Friday November 28, 2014


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The View from the desk of Marga Cugnet, CEO Sun Country Health Region

Additional funding will help enrich long term care services

Providing long term, supportive care to the people of Southeastern Saskatchewan is one of our primary services within Sun Country Health Region. We have over 660 beds occupied by elderly and some younger residents who can no longer care for themselves at home.

This year, thanks to $812,000 in additional funding from the Saskatchewan Ministry of Health, we will make improvements in our service to further enrich the lives of our residents.

The largest amount of the funds, about $305,000, will be used to train our hundreds of caregivers in a new program to help them better understand and work with residents who need a very careful touch, especially the increasing numbers that have some form of dementia.

The program, called the Gentle Persuasion Approach, will give our staff more tools to understand what is triggering different resident behaviors, some aggressive, and then respectfully and gently defuse a potentially difficult situation. The expectation is to reduce the frustration of the resident and/or staff, and prevent physical aggression.

The training will help staff extricate her(him)self if a resident pulls their hair or pinches them and/or prevent the behavior from occurring.

Staff will have more ability to understand what residents are trying to tell them, even if the resident has lost the ability to verbally communicate effectively.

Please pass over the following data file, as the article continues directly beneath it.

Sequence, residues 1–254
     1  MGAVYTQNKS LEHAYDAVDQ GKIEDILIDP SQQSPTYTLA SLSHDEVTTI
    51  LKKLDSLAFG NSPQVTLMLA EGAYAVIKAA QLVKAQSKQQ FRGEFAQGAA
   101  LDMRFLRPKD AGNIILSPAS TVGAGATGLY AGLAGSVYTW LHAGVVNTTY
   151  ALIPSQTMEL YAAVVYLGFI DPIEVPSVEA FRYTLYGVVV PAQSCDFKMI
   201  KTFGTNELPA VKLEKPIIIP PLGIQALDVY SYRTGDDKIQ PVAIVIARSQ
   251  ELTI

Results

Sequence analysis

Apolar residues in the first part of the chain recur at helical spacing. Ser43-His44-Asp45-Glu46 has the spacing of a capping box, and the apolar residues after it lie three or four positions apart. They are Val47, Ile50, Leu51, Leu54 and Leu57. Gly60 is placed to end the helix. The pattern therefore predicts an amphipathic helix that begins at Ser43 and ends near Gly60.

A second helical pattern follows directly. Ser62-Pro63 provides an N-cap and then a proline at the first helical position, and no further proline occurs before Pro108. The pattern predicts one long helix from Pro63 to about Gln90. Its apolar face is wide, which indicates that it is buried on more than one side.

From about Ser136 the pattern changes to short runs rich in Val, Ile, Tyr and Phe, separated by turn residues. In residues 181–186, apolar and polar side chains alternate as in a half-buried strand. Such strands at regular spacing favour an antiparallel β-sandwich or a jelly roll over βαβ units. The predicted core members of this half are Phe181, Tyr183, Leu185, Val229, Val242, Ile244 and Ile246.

The new funding will also make it possible to purchase new hot food carts for eight facilities, several nurse call systems, about 100 mattress replacements, two new bath slings for each facility, two new specialized air mattresses for each facility to prevent pressure ulcers and an expansion of activities into the weekends to help to maximize residents' independence and improve their quality of life.

One of the concerns I heard when I toured the facilities last spring was that weekends can be very long for some residents when the activities departments are shut down. Boredom is one of the issues our residents face and we are trying to alleviate that with our activities programs.

This extra funding will help us staff the weekend shifts to provide stimulating activities and recreation.

With these positive changes, with our enthusiastic and capable staff, with the new long term beds in Redvers and new centres under construction in Radville and Kipling, we expect to hear a higher level of satisfaction from our residents and their families.



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